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Tuesday, September 17, 2013

Hepatitis Virus easily Transferred to Babies by Positive mothers

A Gynaecologist at Garki General Hospital, Abuja, Dr Kayode Obendek, on Thursday said that babies delivered by women, who are hepatitis B positive, had 90 per cent risk of getting the virus.
Obendek told the News Agency of Nigeria (NAN) in Abuja that hepatitis B virus was easily transferred from positive mothers to their babies during delivery.

``But if given vaccination at birth, the incidence is reduced to 20 per cent. The vaccine reduces the chances of becoming chronic carriers,” he said.

He said that Hepatitis B could not cross from mother to baby during pregnancy because the virus was too big.

``It cannot cross through the placenta, The transfer can only take place through the process of delivery.

``It is contagious and can be transferred through blood product. One can get the virus through blood transfusion, sexual intercourse, and sharing of needles, among others,'' he said.

According to him, hepatitis is an inflammation of the liver, most commonly caused by a viral infection.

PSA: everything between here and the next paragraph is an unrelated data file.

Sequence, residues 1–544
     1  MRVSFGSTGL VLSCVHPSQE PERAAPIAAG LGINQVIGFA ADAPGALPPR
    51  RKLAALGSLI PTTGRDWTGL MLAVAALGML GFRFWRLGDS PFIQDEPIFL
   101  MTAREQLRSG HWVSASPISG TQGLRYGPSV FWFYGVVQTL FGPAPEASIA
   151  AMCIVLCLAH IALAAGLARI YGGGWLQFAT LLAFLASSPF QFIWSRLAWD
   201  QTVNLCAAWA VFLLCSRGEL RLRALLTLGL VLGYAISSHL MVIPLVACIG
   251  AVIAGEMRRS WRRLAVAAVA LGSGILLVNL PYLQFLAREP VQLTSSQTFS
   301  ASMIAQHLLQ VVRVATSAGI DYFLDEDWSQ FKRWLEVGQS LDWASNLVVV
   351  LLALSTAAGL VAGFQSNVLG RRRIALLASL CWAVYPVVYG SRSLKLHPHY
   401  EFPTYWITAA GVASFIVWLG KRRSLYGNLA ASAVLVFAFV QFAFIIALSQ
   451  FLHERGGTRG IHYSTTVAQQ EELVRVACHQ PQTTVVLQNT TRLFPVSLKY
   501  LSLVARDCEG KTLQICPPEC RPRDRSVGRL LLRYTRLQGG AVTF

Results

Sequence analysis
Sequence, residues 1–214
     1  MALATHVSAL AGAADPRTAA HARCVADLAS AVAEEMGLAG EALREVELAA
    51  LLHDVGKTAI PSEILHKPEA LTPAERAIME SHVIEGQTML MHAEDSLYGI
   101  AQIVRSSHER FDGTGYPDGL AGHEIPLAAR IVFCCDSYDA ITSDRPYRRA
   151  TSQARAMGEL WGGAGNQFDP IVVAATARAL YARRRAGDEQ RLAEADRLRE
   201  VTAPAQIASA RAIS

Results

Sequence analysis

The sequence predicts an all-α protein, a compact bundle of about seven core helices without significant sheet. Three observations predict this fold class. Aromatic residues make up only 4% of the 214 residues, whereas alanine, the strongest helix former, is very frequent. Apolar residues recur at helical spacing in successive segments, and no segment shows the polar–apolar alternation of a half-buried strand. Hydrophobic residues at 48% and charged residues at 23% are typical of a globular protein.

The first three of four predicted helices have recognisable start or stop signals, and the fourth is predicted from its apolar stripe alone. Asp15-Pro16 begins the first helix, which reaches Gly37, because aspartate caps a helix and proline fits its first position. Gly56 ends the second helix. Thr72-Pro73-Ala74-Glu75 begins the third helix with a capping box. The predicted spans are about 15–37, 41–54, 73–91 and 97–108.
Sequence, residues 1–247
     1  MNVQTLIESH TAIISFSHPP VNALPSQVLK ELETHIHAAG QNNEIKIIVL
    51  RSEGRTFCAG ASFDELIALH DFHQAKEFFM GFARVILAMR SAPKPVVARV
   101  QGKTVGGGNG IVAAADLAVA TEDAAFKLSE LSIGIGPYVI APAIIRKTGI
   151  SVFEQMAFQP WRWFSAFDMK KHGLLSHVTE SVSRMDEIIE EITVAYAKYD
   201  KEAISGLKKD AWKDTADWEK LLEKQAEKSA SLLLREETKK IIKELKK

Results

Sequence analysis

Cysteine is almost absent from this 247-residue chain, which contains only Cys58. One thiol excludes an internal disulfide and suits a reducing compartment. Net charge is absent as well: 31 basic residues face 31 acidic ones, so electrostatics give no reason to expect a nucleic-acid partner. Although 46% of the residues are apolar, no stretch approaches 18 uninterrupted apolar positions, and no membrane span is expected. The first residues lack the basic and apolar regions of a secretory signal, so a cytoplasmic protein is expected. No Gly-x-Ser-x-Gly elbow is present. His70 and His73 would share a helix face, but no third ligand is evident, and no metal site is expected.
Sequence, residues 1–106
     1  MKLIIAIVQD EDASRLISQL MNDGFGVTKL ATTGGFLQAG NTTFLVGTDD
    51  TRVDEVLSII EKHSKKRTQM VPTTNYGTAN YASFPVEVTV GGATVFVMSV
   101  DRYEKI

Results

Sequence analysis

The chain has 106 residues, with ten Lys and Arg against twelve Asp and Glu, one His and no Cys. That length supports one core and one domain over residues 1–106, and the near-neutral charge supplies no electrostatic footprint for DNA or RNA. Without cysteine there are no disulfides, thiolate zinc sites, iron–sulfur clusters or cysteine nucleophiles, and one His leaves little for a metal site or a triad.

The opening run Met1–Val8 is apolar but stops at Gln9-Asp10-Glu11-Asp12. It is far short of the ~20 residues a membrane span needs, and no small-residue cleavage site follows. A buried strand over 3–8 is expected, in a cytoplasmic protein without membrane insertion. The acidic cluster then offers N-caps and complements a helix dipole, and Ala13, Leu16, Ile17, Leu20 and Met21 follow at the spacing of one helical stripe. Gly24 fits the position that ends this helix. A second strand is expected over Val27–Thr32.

He said although there were five types of hepatitis;  A, B, C, D and E, ``the most common ones are A, B and C''.

He advised pregnant women visiting hospitals for ante-natal to be routinely tested for hepatitis B virus.

Obendek said pregnant women did not go for hepatitis test in some health facilities because it was not part of their ante-natal investigation.

He said that about 400 million people worldwide were Hepatitis positive, adding that the major problem with the virus was that some people might have it without knowing.

``This is because they are not symptomatic but carriers, hence they can easily give it out, just like HIV.''

He also said that in some cases, hepatitis B virus would not manifest immediately as an acute infection, and as a result, some people could retain the virus as chronic carriers.

Obendek further said that if it became chronic, it could lead to destruction of the liver, cancer of the liver and death.

He, therefore, advised that every health centre running ante-natal care should screen pregnant women for hepatitis virus because of its long term effect. (NAN)

 Source:Naija234 News


  1. Thank you for this post. Screening for women is so important! I did not know that I had HCV and it silently destroyed my liver.
    It is great that you are spreading awareness on your website.
    Karen Hoyt


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